"Fly Is Open, Let's Go Peay!"

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He could make you laugh or he could make you cry. With one great, jaw-dropping play either in the gym or on the street, he could make you do both.

James “Fly” Williams had game—lots and lots of game.

Austin Peay State University recently honored their favorite son and retired Williams’ jersey on Feb. 5 in a ceremony at the Governor’s Dunn Center.

Williams was born in Brooklyn and learned the game on the streets. He was dominant at Madison High School, but really earned his stripes on the playground with the likes of World B. Free and Earl “the Goat” Manigault. By all accounts, Fly would play anywhere, anytime. He is still considered one of the best “streetballers” of all time.

After Williams completed high school, he was recruited by Austin Peay State University(APSU) assistant Leonard Hamilton, who is now the head coach at Florida State. When Fly, who earned his nickname for his flamboyant style of dress, arrived in Clarksville, TN sporting a floppy hat and a big afro, both he and the locals had to make a few adjustments.

"I was flamboyant; it was the style. Clyde (Walt Frazier) had Clyde, and I was Fly. I was Fly before Curtis Mayfield was Super Fly,” Williams once said.

Anxious to put his program on the national basketball map, Williams did not disappoint the Austin Peay faithful. In his first year, he averaged 29.4 points-per-game and led the Governors to the Big Dance. With Fly scoring 26 points, APSU defeated Jacksonville in the opening round, but lost to perennial power Kentucky in the next.

Williams's popularity soared much like his game. Fans lined up to get a seat in ASPU’s "The Little Red Barn," and Williams kept scoring—27.5 points-per in his second season.

He again led the Governors to the conference championship and NCAA tournament, though they were crushed by Notre Dame 108-66 in the opening round. But Williams put up 26 points on the national stage.

It wasn’t all about offense. According to Hamilton, Fly won the trophy awarded to the Governor who took the most charges both years he played at APSU.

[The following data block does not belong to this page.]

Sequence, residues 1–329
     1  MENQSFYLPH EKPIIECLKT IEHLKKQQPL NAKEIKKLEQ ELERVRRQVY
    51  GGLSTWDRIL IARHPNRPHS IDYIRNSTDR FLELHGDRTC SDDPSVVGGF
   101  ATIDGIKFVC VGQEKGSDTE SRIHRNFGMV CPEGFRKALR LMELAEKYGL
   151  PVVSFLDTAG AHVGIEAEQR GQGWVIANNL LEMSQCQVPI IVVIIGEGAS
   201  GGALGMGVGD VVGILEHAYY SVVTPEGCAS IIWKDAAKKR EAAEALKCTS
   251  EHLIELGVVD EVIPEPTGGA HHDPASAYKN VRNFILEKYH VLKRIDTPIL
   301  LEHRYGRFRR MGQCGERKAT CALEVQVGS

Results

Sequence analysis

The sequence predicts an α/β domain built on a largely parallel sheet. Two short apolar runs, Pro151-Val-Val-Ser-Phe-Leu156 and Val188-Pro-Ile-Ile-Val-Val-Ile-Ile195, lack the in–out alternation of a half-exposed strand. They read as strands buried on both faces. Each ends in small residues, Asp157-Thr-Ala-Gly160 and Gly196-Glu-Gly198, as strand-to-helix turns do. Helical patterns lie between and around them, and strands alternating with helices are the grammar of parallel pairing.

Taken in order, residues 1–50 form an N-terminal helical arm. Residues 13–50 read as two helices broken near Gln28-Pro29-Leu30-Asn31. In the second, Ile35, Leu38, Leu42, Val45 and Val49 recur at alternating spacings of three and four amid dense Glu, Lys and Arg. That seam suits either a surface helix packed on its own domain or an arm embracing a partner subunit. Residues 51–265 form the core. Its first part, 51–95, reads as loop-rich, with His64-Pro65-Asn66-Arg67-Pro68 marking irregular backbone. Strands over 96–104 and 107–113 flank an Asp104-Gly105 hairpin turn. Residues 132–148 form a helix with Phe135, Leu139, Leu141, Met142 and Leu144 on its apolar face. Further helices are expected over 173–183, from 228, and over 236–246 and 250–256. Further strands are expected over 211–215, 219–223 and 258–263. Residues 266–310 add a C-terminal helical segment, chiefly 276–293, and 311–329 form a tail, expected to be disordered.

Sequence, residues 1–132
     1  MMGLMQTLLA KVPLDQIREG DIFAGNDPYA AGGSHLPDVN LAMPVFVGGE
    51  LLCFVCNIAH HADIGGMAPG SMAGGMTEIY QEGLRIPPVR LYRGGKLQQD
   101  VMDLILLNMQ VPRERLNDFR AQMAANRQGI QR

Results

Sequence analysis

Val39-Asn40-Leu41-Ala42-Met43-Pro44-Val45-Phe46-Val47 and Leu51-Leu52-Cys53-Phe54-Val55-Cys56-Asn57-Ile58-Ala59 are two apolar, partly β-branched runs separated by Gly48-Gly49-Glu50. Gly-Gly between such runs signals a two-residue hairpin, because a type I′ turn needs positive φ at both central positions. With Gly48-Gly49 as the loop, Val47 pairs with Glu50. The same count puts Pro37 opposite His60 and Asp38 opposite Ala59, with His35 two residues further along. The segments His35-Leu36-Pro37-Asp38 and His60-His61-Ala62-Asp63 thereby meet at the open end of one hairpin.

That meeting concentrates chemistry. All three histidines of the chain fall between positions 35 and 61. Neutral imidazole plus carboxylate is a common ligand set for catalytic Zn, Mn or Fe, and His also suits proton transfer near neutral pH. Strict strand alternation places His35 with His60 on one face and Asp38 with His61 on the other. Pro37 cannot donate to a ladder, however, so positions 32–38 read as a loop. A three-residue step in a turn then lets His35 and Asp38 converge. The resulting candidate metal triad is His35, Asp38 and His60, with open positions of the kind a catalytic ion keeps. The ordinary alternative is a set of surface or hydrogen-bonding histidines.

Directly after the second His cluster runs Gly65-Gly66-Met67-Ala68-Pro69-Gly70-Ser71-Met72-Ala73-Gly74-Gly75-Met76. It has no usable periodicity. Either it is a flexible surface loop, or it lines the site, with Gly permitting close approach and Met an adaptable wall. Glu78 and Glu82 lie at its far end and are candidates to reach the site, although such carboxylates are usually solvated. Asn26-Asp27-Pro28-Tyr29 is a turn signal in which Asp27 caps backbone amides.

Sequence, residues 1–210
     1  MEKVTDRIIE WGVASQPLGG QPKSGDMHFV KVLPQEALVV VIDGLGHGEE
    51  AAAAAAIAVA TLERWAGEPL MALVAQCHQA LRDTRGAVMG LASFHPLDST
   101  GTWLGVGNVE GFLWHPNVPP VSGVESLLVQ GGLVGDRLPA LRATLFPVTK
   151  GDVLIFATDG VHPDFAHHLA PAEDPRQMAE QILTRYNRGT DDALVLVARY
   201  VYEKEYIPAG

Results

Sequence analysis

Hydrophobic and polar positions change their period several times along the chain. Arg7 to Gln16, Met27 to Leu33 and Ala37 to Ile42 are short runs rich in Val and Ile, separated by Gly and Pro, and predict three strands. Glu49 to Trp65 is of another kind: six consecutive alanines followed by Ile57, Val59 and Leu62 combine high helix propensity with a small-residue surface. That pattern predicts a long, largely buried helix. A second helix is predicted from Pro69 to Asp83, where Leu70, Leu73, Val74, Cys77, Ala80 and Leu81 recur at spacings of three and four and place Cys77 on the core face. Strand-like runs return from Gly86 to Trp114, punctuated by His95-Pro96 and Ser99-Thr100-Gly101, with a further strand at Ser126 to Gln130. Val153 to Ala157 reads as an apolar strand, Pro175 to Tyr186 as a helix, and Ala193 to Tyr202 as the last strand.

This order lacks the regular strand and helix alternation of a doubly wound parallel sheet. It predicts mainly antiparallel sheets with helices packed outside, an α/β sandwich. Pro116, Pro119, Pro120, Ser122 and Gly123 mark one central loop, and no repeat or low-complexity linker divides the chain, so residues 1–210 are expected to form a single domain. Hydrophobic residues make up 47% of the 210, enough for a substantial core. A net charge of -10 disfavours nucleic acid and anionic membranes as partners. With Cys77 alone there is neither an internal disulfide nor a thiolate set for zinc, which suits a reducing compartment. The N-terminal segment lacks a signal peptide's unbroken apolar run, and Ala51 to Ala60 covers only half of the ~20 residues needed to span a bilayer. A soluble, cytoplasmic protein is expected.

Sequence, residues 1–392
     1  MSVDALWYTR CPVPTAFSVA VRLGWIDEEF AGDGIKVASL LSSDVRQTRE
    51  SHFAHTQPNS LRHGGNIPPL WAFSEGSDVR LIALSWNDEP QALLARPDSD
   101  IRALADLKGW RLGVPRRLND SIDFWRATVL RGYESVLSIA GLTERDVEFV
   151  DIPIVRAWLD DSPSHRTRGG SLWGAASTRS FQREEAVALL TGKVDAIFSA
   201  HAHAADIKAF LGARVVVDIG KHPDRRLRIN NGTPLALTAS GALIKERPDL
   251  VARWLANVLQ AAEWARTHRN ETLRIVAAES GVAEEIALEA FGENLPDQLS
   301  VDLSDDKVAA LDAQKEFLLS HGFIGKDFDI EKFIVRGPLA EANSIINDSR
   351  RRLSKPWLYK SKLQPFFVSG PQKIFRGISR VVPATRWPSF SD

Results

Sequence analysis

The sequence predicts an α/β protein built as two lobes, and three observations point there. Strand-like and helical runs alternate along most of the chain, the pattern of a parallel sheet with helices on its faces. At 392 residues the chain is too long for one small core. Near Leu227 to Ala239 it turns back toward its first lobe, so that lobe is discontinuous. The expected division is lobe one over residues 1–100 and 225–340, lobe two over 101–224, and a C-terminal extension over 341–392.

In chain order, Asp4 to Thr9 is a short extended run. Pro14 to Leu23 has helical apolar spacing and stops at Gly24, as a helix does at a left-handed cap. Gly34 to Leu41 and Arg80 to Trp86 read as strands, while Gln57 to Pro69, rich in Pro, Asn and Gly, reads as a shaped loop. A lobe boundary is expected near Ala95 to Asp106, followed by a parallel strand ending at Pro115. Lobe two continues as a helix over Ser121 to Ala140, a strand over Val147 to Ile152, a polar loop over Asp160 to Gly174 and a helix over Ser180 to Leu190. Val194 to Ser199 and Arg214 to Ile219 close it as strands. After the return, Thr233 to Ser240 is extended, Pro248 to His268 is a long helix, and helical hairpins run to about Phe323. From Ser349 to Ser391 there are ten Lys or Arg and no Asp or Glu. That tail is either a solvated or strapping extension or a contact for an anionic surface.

The Fly left college after his second season to pursue a career in pro ball with a gentle nudge from the APSU hierarchy, who made certain claims regarding his “eligibility.”
He was drafted by Denver in the first round of the 1974 American Basketball Association (ABA) draft and his rights were eventually sold to the Spirits of St. Louis.

Unfortunately for Fly, the ABA gig didn’t work out. His scoring was erratic (only 9.4 points-per-game) and he was known for his showmanship rather than his scoring proficiency. When the National Basketball Association (NBA) orchestrated the ABA-NBA merger, Williams didn’t make the cut. He later played in the Continental Basketball Association and in Israel.

Williams’ off-court career can be described as pockmarked, with words like alcohol, drugs, and bad temper working their way into the mix. Addiction and prison were also on Fly’s agenda, and his basketball career was terminated for good when he was shot (not the first or last time, as bad luck would have it) in a robbery attempt.

Today, Williams, 55, works with kids in his native Brooklyn. The ceremony last week to retire his jersey was so much fun that Fly ended up in a local hospital for a few days, but doctors expect him to recover fully and return home shortly. He is currently resting, and tests regarding major illnesses have turned up negative.

But the jersey ceremony wasn’t Fly’s first return to Clarkesville. During an earlier visit, he and APSU
“If that’s true,” Fly said, “why is it named after somebody else?”

Good one, Fly.

Ultimately, Fly Williams will be best remembered for a very clever and funny chant that would have the NCAA higher-ups in Kansas City squirming in their starched shirts and suits were it popular today. During Fly’s playing days, the APSU faithful would chant at length:

"Fly is open, let's go Peay!"
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